Turkey Vests for Turkey Hunting
Watch a few YouTube videos to get psyched for the spring turkey season, and you’ll think every hunter needs a turkey vest and decoys for turkey hunting. There are two camps of turkey hunters, those who use turkey vests, and those that don’t. In the interest of full disclosure, I happen to be in the latter group, and have never used a turkey vest.
It’s my personal opinion that the main factors for successful turkey hunting are scouting, concealment, calls, and equipment. Whether you use a turkey vest or a backpack won’t matter, unless you can dial in the turkey hunting fundamentals.
It doesn’t matter how much gear you drag into the field, or how good you are at calling turkeys, if you are in the wrong spot. More important than a preference for a turkey vest over a backpack, or visa versa, is knowing you are in an area where there are turkeys. Don’t wait until opening day to find a big tom. Spend time, especially on public lands ahead of the season, to find where turkeys are at and where they roost. Give yourself some options, and the further off the beaten path the better.
Turkeys have incredible vision. They can see about three times better than humans, and with eyes on the sides of their head, they have a 270 degree view of the world. If you are going to get the drop on a turkey, you need to be concealed. I treat turkey hunting like waterfowl hunting. Blend in, don’t move, and don’t shine. Wear camo, a ghillie suit, or brush yourself in with natural vegetation. You want to break up your outlines, and disappear.
Turkey Calls and Turkey Calling
It doesn’t matter whether or not you use a pot call, box call, or mouth calls. You will need to call to locate turkeys, as well as get them to commit. If you don’t use a turkey decoy, you’ll need to call a turkey, in order to get it to come looking for you. If you do use a turkey decoy, you’ll still need to entice a turkey to come into range of the decoy.
The equipment I am mainly referring to is in regard to your method of take. Whether you use a shotgun, bow, or even an air rifle, your familiarity, skill and readiness with your weapon are more important than whether you used a backpack or turkey vest to get to your turkey hunting spot.
Turkey Vest or No Turkey Vest
When you have everything else nailed down, and can successfully hunt turkeys, that’s when a turkey vest might matter. Only after you can harvest turkeys should you start worrying about comfort items and accessories that may or may not make you a better hunter. Most hunters use packs for just about everything else, and will take a pack into the field, because it gets the job done.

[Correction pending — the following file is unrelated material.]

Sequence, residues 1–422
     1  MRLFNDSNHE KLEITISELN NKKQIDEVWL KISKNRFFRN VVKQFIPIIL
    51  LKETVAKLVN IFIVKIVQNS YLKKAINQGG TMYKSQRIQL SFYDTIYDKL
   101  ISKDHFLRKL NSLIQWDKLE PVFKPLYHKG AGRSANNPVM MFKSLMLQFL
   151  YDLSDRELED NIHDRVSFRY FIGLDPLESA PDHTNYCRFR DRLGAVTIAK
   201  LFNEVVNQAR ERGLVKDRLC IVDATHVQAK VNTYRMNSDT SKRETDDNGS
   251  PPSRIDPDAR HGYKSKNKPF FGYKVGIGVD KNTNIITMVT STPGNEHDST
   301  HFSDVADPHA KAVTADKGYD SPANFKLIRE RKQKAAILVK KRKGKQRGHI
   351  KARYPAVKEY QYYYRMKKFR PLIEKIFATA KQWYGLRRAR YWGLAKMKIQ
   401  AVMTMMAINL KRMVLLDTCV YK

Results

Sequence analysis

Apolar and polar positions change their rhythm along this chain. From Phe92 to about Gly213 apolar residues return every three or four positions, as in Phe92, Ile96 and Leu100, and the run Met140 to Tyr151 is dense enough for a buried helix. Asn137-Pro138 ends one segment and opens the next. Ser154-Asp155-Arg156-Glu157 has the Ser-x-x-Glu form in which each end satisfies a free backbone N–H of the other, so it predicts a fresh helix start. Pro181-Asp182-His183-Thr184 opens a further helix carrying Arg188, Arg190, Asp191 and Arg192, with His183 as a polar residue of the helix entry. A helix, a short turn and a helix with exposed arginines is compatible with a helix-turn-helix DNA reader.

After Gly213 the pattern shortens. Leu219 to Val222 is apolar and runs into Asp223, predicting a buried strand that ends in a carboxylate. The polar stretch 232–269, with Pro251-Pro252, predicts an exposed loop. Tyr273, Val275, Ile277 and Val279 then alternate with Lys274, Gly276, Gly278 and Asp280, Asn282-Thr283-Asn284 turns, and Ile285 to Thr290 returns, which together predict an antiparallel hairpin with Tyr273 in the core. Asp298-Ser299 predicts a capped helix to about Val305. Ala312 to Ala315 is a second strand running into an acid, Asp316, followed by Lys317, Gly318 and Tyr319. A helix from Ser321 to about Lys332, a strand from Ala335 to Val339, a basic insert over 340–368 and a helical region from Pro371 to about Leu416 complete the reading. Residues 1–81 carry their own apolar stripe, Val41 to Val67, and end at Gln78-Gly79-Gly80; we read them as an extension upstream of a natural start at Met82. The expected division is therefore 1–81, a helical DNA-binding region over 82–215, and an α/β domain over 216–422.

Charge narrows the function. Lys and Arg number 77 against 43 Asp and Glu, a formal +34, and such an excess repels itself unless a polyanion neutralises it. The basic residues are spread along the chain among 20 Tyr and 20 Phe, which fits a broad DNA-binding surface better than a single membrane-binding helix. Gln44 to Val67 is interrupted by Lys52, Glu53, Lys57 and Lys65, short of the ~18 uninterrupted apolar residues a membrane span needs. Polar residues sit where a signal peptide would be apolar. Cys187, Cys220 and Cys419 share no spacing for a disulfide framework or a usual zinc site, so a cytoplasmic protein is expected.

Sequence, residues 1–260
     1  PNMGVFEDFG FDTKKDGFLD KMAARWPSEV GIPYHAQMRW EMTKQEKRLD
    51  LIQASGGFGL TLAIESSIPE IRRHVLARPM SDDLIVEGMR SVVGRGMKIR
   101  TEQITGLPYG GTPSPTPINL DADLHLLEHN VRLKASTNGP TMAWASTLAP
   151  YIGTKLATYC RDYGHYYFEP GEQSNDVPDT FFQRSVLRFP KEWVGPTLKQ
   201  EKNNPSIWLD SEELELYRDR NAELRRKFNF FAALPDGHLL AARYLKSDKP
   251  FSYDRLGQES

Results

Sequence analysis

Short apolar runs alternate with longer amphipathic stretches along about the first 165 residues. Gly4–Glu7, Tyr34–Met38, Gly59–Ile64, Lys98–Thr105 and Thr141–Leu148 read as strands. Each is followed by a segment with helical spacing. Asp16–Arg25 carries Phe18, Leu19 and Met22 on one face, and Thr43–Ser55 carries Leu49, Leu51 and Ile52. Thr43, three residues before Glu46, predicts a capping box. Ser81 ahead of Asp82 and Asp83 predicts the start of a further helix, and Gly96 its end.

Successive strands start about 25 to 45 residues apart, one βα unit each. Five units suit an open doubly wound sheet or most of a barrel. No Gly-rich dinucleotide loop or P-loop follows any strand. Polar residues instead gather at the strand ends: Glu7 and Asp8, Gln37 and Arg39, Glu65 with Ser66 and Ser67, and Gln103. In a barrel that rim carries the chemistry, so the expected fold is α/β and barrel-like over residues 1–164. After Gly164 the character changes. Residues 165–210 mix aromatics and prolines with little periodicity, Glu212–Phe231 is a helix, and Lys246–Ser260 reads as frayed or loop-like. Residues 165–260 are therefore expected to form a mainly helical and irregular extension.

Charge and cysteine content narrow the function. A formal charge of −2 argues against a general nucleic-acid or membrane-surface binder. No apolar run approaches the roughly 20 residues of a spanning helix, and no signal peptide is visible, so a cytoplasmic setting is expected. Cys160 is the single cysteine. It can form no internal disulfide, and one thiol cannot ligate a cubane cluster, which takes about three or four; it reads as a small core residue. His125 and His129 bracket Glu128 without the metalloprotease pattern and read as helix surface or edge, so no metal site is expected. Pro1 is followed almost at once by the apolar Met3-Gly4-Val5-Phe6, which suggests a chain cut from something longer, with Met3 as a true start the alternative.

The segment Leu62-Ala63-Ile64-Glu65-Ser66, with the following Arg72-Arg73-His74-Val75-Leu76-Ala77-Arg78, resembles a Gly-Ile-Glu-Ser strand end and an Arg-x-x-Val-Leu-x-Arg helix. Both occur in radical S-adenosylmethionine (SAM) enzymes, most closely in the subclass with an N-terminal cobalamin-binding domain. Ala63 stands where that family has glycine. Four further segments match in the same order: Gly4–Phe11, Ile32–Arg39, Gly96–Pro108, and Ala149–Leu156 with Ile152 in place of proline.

A turkey vest on the other hand, might offer additional comforts and niceties that a pack won’t. A turkey vest can make storage and access to turkey hunting specific gear easier. Easily accessing calls, binoculars, or ammo with less movement can improve your stealth, or just make it easier to pack up and move for a run and gun style hunt.
Turkey hunting vests also typically add the benefit of a built in padded seat, and depending on model, it may even have a little bit of back support or padding. You can easily strap a pad to your pack, or stuff one inside of it, but a turkey hunting vest offers convenience.
I’m still not a turkey vest convert, but you might be. I personally just don’t like having too much species specific, or specialty hunt gear that I can’t use across a wider range of hunts I do throughout the year. For example, I get dual use out of my layout waterfowl blind, when I use it for predator hunting, I may even use it for turkeys. I use a VooDoo Tactical Merced Hydration Pack, or a larger pack like the Eberlestock Gunrunner Pack for just about everything I do. It may be my past experiences in alpine climbing and mountaineering that drives my attitude, but I am a bit of a minimalist. I rarely carry more than a couple mouth calls, ammo, optics, hunting license, emergency layers, a kill kit, energy bar, and water.
If I were to start using a turkey vest, and perhaps some day I will, I’d probably consider something with back support, like the ALPS OutdoorZ Grand Slam Turkey Vest, or a lighter weight and more affordable option, like the Knight & Hale Run N Gun Turkey Vest. They have very different price points, but both have very good ratings and reviews across most of the major retailers, and gear review websites.